Ken Miles in light-colored Ford #1 was not declared the winner. Bruce McLaren in the dark Ford #2 was declared the winner. {Le Mans archive photo)

As the 4 pm finish time got closer, Leo Beebe from Ford Motor Company thought a side-by-side 1,2,3 finish would be a great photo-op for the company. At the time Ken Miles was leading in the drizzly wet conditions.

He was told to slow down to let McLaren catch up. McLaren was on the same lap as Miles. The Ronnie Bucknum driven Ford #5 was 12 laps to the rear and was asked to move into formation for the finish.

It is suspected that Miles slowed at the finish allowing McLaren to cross the line first as the photo shows. A win for Miles would have given him the Endurance Racing Triple Crown having won the 24 Hours of Daytona and the 12 Hours of Sebring.

Miles never had that chance again dying just two months later on August 16th while testing the J Car edition of the Ford at Riverside Raceway. The J Car Mark IV would win Le Mans in 1967-69. Miles left behind his wife Mollie and son Peter.

Death of the ARX Series

Americas Rallycross (ARX) series final race at Mid Ohio in early September 2019 (ARX photo)

In a simply worded two sentence announcement November 15 on the Americas Rallycross Championship webpage with partner IMG Management stated, “After consultation with a wide group of stakeholders and interested parties, IMG has taken the difficult decision to not extend the Americas Rallycross Championship beyond the 2019 season. We would like to thank our passionate fans, teams, drivers, partners and event hosts for their support and participation in Americas Rallycross.

What does this mean for the future of professional rallycross in the North America I am unsure. Talk has circulated about a series tied to Travis Pastrana’s Nitro Circus. No definitive answers have come forth.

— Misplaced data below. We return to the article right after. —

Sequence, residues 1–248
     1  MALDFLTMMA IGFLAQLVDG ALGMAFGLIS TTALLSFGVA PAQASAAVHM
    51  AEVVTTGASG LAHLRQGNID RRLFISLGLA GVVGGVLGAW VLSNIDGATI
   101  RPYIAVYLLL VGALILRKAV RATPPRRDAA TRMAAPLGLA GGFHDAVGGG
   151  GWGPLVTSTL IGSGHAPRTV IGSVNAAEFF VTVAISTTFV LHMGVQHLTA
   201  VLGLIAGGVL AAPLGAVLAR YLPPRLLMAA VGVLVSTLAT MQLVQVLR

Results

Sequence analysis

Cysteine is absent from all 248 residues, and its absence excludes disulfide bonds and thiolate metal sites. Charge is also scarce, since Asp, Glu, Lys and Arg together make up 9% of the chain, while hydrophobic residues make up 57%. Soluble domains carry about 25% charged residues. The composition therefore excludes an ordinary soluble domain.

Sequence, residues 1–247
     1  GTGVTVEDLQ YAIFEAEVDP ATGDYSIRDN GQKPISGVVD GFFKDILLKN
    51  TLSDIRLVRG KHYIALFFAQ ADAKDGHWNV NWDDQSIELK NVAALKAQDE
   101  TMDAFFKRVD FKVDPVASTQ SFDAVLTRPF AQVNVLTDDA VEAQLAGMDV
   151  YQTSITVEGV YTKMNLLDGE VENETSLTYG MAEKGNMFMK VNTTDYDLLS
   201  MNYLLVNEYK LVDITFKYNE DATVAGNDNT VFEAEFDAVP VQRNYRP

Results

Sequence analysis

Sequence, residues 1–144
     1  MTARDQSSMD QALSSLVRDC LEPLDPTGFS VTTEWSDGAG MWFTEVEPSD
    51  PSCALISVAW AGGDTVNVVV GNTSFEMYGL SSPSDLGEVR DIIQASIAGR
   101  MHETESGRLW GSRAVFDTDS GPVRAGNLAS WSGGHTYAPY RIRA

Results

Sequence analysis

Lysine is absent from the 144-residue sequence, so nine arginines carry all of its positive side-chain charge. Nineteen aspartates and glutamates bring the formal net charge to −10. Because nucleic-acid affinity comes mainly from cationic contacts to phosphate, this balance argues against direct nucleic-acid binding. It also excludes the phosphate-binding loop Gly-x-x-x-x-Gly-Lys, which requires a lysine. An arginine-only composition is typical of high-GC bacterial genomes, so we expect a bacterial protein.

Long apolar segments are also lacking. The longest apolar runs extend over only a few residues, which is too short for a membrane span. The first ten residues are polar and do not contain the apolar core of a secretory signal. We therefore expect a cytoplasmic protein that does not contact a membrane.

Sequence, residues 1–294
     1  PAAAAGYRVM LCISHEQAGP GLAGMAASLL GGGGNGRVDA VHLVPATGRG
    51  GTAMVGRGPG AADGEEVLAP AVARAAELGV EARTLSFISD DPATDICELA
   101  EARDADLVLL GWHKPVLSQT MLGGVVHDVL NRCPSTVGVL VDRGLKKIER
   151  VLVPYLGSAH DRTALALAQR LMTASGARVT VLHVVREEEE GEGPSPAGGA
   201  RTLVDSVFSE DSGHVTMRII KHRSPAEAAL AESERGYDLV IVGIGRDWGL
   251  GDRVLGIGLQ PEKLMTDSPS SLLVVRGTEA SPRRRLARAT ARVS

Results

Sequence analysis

I am unsure if major players in the ARX knew this announcement was coming. I find it difficult to believe this caught the major teams totally off guard. My thoughts are that something is being put together for the 2021 season if not 2020.

Stay tuned, we shall see. I hope pro rallycross returns with its short and fast races on dirt and asphalt. My short attention span seems to like these types of races.

Closing with some in-car video of USAC Silver Crown Champion Kody Swanson at Daytona International Speedway last weekend in the Doran Racing Enterprises 2005 Ford GT.

I hope you, your family, and friends have a great Thanksgiving!

Let’s go racing after Thanksgiving.

Tom Hale

Soli Deo Gloria (Matthew 5:16)

Tom Hale

About Tom Hale

Tom wrote 14 years as freelancer for the Bangor Daily Sports covering motorsports in Maine. Now blogging and concentrating on human interest stories about people and places in racing. He races Champ Karts and owns HTF Motorsports in remote Westmanland, Maine